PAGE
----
Ricardo Hausmann joins Cardiff Garcia to discuss the historical foundation of Venezuela's current macroeconomic and humanitarian crisis, what may happen with its debt and what the future holds for the country.
Ricardo Hausmann is interviewed by the Council of Foreign Relations
The misguided policies of President Nicolas Maduro and his predecessor, Hugo Chavez, along with falling oil prices, have destabilized Venezuela’s economy and triggered shortages of vital supplies, says Ricardo Hausmann, a professor at Harvard Kennedy School and a former minister of planning in Venezuela.
Hausmann argues that it will almost certainly take new leadership in Caracas to introduce the market reforms and debt restructuring he says are needed. “A recovery...
CAMBRIDGE – Investing often creates moral dilemmas over goals: Should we aim to do well or to do good? Is it appropriate to invest in tobacco companies? Or in companies that sell guns to drug gangs?
The recent popularity of so-called impact investment funds, which promise to deliver decent returns while advancing social or environmental goals, is based on this unease. Foundations often find that these investment vehicles help them to do good both with the money...
It is not just because I am from Venezuela that I see Sri Lanka with admiration and envy. The island has made more progress in human development than any other in South Asia. It has reduced poverty in a pretty dramatic way. It has many reasons to be proud of its achievements. But anything that is worth doing, is worth doing better. The Center for International Development at Harvard University is collaborating with the Government of Sri Lanka to work on a strategy to make progress faster, more sustainable and more inclusive.
CAMBRIDGE – In the summer of 2015, former Canadian Prime Minister Stephen Harper looked set to win his fourth consecutive election, scheduled for that October. Instead, his Conservative Party won just 99 of the House of Commons’ 338 seats. The party did not win a single constituency in Toronto or the entire Atlantic seaboard. Instead, the Liberal Party, led by Justin Trudeau, ended up obtaining the second-largest parliamentary majority in its history – 184 seats – despite having started the electoral campaign in third place.... Read more about Refugees as Weapons of Mass Destruction
¿Cuánto tardaría Venezuela en recuperarse de la debacle económica de estos años? Es una pregunta frecuente en las conversaciones cotidianas, en los salones de clases y en los foros de discusión dentro y fuera del país. Es también una pregunta sencilla, relativamente intuitiva, cuya respuesta es compleja por diferentes razones. En primer lugar, la pregunta supone que el país corrige el rumbo a partir de cierto punto, mediante una transición política de la que hoy en día nadie sabe a ciencia cierta cómo ni cuándo puede ocurrir. En segundo lugar, no todos entendemos lo mismo por recuperación. ¿Es detener la recesión? ¿Es recuperar el nivel de algún punto reciente? ¿Es volver a nuestro mejor momento? ¿Es alcanzar el nivel o las tasas de algún país que nos sirva de referencia? ¿Cuál es la base de referencia en la que piensan quienes se hacen esta pregunta? Es importante encontrar una definición de éxito que balancee nuestras ambiciones y posibilidades. Por último, aun suponiendo que sabemos a dónde queremos llegar y que ocurre un cambio político capaz de enrumbar al país en esa dirección, está el hecho de cuan factible es una recuperación acelerada.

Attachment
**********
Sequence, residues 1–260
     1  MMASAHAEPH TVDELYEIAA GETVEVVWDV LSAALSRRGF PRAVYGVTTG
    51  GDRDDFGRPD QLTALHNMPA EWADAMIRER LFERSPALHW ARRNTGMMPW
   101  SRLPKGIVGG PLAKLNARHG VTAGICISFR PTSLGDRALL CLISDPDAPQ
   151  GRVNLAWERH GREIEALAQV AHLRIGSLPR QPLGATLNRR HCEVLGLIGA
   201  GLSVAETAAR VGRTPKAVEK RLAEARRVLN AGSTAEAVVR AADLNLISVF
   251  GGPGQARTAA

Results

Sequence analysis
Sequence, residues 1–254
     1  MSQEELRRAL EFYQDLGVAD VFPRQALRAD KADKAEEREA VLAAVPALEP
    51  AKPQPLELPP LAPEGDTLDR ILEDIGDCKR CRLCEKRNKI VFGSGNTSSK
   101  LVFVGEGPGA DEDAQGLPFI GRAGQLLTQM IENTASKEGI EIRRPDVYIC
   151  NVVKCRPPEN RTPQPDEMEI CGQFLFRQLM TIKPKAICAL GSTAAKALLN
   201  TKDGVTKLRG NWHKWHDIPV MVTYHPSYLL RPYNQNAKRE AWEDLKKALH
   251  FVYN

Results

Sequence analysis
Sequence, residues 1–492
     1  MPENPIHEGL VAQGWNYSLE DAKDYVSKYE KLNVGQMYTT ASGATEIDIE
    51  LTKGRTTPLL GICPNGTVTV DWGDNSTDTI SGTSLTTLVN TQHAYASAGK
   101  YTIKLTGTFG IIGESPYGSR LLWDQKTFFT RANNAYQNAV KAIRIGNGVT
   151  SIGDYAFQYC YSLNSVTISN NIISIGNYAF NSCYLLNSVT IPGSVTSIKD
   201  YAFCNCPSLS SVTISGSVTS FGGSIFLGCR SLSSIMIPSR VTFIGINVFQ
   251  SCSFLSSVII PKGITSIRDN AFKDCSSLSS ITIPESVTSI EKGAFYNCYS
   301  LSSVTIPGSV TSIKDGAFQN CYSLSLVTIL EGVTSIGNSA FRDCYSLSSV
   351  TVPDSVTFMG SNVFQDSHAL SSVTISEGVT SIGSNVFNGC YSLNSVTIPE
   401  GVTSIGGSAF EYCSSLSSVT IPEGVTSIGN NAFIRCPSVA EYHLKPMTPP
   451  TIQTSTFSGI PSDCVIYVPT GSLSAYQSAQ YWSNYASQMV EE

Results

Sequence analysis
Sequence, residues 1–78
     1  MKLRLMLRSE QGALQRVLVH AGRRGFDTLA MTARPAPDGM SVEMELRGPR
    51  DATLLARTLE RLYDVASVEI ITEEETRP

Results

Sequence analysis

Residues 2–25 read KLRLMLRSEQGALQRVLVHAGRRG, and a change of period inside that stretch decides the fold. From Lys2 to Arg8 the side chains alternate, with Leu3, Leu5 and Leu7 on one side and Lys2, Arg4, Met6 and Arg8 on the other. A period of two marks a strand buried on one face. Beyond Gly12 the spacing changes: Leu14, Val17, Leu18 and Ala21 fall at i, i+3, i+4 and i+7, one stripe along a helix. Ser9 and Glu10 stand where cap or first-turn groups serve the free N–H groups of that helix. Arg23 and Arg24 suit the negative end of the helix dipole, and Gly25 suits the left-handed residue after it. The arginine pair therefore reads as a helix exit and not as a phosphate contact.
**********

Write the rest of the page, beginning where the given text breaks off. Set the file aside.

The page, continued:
José Ramón Morales, Douglas Barrios - Caracas Chronicles
Social policy planners in Venezuela today are like field doctors in a war zone: if they actually stopped to register emotionally the devastation all around them, they’d never be able to get any work done. Today, Venezuela is undergoing the most brutally painful economic and social calamities probably since the Federal War. Sitting around feeling horrible about it, though, is not a luxury policy planners can afford.
Ricardo Hausmann & Mark Walker - Project Syndicate
CAMBRIDGE – As the Annual Meetings of the International Monetary Fund and the World Bank begin in Washington, DC, one member country is conspicuously absent: Venezuela. Yet there is much to be discussed about the country’s finances. Indeed, a sovereign-debt crisis is inevitable.
All major sovereign-debt crises of the past – including in Mexico and Greece – have generated changes in the rules, jurisprudence, or strategies adopted by debtors, creditors, and international financial institutions. Most recently,...
Venezuela’s problems are self-inflicted and the country will only recover if it mends its ways. However, there is much that the rest of the world could do to help Venezuela out of its current crisis.
How did we get here? Unfortunately the former president Hugo Chávez did not use the massive oil price boom between 2004 and 2013 to put money aside for a rainy day but instead, over-spent and quintupled the public foreign debt. This left the country in a vulnerable position because when the price of oil declined in 2014 the country was...
As Argentina’s protracted and litigious restructuring saga comes to an end, it is natural to ask what lessons the world can draw from this contentious process. While a close look reveals that Argentina’s ordeal has been fairly idiosyncratic, and hence less influential than most people think, the 15-year-long script yields important, albeit unexpected, lessons. Here’s a list.
Super-CACs are great and you should use them (but risks remain) The first lesson has already been learnt and implemented, but it will be at...